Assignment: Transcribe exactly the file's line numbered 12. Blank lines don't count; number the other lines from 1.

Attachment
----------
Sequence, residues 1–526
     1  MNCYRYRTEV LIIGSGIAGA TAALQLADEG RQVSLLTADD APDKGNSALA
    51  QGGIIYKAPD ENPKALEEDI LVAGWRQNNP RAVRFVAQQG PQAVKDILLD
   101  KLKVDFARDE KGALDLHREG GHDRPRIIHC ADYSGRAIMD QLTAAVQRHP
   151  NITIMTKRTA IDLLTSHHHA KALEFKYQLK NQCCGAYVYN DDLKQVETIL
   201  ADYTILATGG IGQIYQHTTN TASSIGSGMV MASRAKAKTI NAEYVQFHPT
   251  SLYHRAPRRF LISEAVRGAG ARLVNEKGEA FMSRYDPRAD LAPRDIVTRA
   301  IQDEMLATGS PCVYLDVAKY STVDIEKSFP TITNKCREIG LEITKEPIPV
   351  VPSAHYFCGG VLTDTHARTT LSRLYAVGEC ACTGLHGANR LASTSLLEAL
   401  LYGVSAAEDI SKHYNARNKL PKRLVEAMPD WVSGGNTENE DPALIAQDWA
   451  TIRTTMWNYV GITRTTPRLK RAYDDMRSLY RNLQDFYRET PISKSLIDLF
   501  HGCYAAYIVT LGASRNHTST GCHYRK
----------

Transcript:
   501  HGCYAAYIVT LGASRNHTST GCHYRK